Square Enix and Warner Bros. Win The Prize (Tied) for Biggest Disappointment at E3 2018
With the exception of Nintendo, whose Direct presentation is due in a few hours, the main E3 2018 conferences hosted by the biggest publishers are now over and it's time to take a look at what happened and what didn't happen this year at the most important event in the games industry.
Electronic Arts and Ubisoft didn't exactly set the world on fire with surprises, but they had their moments. Ubisoft's conference was surely more interesting and contained our first look at Assassin's Creed Odyssey and Tom Clancy's The Division 2, not to mention a new demo of Beyond Good & Evil 2, though the hype surrounding the rumored new Splinter Cell installment was ultimately for nothing. EA, on the other hand, didn't have big unexpected reveals but neither were there any major expectations for unannounced titles to begin with.
Even Activision, a publisher not exactly known to frequently dabble with new intellectual properties, introduced the next title by FromSoftware (Sekiro: Shadows Die Twice) and that alone generated significant excitement.
Two other big third-party publishers fared much worse this year though, starting with Warner Bros. Interactive Entertainment which brought exactly one major title at this year's Electronic Entertainment Expo, HITMAN 2 (already announced before the show even started).
Fans were eagerly waiting to learn about Rocksteady's new project (rumored to be Superman or perhaps another DC Comics IP) as it has been three years now since they shipped Batman: Arkham Knight. However, the game was nowhere to be found. Neither was there anything else from Warner Bros., really, with Montréal reportedly canceling and rebooting games several times since they released Batman: Arkham Origins. Fans were hoping to get a new Mortal Kombat game announcement from NetherRealm at least, but alas, that was not the case either.
Square Enix is perhaps the most controversial case. Its conference (more of a video presentation, really) was unanimously considered the worst of the whole bunch. While Babylon's Fall (the new project announced in partnership with PlatinumGames) looked intriguing, no details were provided at all on the game itself despite its planned release in 2019. Overall, the Square Enix Showcase felt like an unnecessary event.
When evaluating their lineup, on one hand Shadow of the Tomb Raider, Just Cause 4 and Kingdom Hearts III all look pretty good so far, that's for sure. On the other hand, two of the most anticipated games in the whole E3 2018, Avengers and Final Fantasy VII Remake, were both a no-show to the utter disappointment of the respective huge fanbases.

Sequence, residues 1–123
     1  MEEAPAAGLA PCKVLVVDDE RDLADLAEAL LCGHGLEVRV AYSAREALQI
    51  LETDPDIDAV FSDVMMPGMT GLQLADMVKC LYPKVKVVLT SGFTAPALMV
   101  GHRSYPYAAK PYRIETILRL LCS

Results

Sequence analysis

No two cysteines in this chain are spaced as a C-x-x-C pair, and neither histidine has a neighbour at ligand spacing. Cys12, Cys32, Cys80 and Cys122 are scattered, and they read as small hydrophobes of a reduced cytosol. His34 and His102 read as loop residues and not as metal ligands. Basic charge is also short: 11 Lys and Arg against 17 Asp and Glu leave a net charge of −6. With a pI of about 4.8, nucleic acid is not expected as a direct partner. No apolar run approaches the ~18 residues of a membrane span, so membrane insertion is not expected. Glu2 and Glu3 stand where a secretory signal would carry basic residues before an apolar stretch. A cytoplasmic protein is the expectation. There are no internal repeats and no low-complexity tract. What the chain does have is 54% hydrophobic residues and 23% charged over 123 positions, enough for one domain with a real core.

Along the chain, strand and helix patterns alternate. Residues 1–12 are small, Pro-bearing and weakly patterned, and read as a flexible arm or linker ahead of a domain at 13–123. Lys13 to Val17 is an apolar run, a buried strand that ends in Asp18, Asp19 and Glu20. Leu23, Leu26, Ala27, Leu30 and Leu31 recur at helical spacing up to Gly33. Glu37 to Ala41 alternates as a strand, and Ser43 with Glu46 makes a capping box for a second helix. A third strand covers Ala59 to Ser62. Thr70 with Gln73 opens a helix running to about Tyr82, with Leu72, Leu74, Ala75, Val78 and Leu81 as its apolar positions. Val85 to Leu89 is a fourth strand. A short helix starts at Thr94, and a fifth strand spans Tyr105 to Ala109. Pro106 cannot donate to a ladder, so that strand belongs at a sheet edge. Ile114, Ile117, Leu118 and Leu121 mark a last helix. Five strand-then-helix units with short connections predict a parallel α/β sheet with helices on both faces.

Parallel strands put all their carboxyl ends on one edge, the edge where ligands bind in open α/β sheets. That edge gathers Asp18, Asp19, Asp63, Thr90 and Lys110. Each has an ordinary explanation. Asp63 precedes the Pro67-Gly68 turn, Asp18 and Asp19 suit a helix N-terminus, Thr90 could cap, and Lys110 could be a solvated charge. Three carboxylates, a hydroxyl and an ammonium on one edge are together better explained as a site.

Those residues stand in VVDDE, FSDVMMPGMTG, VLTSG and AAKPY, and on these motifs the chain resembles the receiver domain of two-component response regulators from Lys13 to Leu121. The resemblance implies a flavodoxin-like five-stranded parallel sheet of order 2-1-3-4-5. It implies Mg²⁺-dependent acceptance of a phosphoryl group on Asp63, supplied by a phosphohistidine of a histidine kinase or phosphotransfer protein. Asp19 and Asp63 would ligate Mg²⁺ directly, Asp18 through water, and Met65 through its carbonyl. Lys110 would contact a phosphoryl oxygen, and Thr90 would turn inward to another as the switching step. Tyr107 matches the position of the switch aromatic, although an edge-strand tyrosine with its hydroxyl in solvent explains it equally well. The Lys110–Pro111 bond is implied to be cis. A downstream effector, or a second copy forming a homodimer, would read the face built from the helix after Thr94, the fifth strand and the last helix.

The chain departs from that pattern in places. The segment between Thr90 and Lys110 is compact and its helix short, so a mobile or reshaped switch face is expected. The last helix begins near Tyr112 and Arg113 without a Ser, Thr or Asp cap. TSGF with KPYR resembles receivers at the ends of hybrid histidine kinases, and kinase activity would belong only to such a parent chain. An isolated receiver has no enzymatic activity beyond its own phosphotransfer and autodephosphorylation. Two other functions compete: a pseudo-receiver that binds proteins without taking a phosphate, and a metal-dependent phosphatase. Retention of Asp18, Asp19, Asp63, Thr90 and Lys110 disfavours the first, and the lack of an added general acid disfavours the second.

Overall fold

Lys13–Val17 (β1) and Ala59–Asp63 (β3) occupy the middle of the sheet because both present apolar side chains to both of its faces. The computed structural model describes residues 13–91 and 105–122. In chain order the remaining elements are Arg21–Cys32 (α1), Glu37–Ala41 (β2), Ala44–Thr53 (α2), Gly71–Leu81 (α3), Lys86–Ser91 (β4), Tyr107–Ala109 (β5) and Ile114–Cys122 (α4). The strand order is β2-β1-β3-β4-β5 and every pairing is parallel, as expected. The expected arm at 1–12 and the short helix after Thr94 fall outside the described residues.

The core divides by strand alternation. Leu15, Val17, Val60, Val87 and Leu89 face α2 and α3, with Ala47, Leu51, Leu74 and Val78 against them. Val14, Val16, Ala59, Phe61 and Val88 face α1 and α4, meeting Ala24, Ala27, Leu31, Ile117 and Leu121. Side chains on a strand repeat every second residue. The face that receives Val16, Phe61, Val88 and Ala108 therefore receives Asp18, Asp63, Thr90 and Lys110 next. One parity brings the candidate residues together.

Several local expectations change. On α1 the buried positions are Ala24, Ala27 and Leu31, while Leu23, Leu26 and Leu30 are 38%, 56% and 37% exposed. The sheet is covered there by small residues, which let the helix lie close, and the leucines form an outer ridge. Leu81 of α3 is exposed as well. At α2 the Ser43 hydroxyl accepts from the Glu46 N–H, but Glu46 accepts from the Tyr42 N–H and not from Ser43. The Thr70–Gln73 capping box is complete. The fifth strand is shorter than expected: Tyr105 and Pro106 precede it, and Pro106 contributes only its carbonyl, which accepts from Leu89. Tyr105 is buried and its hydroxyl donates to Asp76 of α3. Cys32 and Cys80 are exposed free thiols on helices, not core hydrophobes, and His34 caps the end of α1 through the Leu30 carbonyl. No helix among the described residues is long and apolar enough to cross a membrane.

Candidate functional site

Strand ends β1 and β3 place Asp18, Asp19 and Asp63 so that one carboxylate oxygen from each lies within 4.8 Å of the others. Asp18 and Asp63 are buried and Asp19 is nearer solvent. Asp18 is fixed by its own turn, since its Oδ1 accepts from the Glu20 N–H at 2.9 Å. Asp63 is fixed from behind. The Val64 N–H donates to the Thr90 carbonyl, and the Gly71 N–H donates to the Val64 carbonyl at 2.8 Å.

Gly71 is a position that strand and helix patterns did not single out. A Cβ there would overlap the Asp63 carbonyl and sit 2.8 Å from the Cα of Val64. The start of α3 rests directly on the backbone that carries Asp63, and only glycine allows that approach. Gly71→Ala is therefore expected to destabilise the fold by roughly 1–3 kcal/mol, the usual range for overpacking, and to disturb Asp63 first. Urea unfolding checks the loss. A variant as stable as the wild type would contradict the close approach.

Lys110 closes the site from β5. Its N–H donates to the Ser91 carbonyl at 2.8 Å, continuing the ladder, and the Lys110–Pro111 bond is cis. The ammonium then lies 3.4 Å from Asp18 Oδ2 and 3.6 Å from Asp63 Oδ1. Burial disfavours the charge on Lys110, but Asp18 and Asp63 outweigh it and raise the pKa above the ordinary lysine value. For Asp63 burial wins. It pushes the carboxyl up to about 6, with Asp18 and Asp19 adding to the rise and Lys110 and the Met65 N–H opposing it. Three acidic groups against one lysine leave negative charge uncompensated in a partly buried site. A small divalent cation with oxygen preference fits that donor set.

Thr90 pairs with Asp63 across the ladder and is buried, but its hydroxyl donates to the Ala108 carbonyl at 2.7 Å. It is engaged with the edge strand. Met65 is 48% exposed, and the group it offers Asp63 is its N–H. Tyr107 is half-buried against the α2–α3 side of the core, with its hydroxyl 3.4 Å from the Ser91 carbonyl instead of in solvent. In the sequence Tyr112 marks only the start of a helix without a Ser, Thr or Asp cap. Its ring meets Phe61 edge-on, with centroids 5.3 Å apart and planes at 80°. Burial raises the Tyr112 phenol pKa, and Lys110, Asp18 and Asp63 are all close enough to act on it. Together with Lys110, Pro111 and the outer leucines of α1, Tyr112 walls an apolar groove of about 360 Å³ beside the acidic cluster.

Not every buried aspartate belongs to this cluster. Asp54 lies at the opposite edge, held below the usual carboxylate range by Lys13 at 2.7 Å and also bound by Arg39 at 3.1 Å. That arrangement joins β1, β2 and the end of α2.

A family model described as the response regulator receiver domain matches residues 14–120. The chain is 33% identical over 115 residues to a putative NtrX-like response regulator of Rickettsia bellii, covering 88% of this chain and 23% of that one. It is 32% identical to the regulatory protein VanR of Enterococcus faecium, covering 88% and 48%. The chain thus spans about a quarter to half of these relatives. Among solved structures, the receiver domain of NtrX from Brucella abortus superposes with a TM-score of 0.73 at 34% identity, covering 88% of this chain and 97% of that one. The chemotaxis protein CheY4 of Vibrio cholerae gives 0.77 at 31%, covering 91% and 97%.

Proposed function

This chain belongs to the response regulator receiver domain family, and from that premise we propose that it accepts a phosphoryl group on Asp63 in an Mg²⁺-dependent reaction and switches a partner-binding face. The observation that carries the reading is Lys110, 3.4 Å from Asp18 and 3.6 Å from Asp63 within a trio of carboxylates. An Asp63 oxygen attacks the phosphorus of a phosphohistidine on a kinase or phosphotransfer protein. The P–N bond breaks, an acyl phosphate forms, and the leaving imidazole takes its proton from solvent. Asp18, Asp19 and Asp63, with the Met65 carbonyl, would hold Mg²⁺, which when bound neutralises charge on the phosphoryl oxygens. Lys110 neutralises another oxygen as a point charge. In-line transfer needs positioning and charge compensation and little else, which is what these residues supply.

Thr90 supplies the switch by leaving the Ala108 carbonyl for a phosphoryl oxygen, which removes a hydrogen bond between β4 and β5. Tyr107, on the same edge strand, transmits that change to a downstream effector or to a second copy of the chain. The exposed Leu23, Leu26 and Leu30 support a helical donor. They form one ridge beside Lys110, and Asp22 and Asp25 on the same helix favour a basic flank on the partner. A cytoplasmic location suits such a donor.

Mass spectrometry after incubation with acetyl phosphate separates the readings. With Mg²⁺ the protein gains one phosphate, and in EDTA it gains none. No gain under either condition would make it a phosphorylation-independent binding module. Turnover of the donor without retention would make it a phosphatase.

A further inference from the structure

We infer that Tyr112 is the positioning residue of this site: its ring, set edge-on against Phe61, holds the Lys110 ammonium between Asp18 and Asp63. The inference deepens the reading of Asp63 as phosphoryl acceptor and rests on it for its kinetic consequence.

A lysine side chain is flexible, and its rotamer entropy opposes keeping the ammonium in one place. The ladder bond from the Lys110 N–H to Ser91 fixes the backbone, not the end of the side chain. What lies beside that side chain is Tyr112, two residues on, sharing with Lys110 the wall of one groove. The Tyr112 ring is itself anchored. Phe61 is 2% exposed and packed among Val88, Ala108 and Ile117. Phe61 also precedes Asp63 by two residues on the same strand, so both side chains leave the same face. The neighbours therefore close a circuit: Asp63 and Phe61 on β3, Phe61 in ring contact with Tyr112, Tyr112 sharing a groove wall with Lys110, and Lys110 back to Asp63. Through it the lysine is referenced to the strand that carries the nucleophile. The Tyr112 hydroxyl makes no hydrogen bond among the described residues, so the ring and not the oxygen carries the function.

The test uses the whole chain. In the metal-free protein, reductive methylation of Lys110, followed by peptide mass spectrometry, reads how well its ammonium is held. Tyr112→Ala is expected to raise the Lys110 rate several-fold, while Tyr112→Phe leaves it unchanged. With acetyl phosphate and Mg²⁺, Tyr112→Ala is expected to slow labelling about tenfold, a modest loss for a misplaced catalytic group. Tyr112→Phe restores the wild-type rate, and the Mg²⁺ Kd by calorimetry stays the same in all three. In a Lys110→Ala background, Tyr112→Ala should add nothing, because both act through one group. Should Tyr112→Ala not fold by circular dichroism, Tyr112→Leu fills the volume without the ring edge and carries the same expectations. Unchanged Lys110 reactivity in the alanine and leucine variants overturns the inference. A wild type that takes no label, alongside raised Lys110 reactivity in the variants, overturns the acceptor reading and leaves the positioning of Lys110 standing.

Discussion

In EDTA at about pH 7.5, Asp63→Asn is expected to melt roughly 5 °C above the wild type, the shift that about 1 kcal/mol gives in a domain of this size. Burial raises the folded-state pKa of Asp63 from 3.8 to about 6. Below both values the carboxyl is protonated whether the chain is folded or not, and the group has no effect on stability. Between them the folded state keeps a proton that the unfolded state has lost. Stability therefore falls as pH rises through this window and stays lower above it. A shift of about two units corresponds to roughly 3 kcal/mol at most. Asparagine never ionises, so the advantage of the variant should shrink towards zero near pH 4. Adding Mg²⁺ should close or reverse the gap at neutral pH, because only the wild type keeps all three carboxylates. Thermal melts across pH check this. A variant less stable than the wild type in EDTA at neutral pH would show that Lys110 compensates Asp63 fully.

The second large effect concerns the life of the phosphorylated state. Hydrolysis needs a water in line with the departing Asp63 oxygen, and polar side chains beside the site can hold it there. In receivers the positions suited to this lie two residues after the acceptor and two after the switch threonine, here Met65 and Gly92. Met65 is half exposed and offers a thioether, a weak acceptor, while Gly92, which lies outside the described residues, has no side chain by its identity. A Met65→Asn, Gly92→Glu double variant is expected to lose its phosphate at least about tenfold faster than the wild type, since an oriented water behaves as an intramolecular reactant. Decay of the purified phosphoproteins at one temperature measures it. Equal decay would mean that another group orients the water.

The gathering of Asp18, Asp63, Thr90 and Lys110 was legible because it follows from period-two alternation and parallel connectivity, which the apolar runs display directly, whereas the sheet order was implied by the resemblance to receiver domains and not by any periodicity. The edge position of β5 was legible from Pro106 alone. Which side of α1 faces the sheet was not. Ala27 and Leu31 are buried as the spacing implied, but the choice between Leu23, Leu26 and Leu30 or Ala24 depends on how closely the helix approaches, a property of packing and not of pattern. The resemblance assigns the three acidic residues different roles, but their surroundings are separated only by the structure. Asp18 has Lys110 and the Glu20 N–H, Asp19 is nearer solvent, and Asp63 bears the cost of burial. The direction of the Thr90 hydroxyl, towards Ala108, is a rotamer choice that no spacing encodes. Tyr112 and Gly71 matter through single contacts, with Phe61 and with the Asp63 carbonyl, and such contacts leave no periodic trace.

Of course, there are still events like Gamescom, Tokyo Game Show and PlayStation Experience left in the coming months, but E3 2018 remains the biggest venue to deliver such huge reveals. If they skipped the Electronic Entertainment Expo this year, the developers might want to wait for E3 2019 to make their play.
We can't help but wonder whether the ETA for these projects is further away than we thought, then. For example, with Avengers 4 coming out in May 2019 we believed Crystal Dynamics, Square Enix and Marvel would want to try and release their game near that window. However, we're now less than a year from the huge theatrical event (let's not forget that Avengers: Infinity War was the fastest film in history to reach $1 billion gross worldwide) and we've still seen nothing of the Avengers game, suggesting that it won't be able to launch in the movie's vicinity in all likelihood.
For its part, Final Fantasy VII Remake was announced at E3 2015, three years ago. Since then details have been scarce, to say the least, and Square Enix even admitted last year that it had to move development from external developers like CyberConnect 2 to in-house teams in order to improve quality. That, in combination with FFVII Remake being absent at this year's E3, suggests a certain amount of work might have been scrapped in that process, thus setting back the release date.
At this point, both games could be scheduled for 2020 and therefore be either cross-generation titles (available on both current and next-generation consoles) or straight up next-generation launch games, though this latter occurrence is less likely due to the small installed base Square Enix would be able to exploit. Lastly, Square Enix also didn't present at all Left Alive, an interesting survival action game they had announced at TGS 2017. The game was due to launch in 2018 for PC and PlayStation 4, but a delay seems plausible at this point.
Do you agree with our assessment? In case you don't, which were your biggest disappointments from the E3 2018 conferences?
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